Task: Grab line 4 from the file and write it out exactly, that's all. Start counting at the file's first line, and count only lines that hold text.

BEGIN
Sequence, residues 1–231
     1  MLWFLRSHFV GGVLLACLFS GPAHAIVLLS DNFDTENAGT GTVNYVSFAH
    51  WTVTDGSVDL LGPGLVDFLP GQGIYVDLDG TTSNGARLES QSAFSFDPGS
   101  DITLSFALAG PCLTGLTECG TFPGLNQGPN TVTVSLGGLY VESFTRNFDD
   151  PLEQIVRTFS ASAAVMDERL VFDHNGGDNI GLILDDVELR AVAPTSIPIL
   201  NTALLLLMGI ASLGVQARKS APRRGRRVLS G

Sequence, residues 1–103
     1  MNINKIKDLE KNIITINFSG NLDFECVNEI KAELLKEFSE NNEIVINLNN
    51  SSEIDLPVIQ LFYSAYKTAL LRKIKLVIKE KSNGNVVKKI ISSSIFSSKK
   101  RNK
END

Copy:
   101  DITLSFALAG PCLTGLTECG TFPGLNQGPN TVTVSLGGLY VESFTRNFDD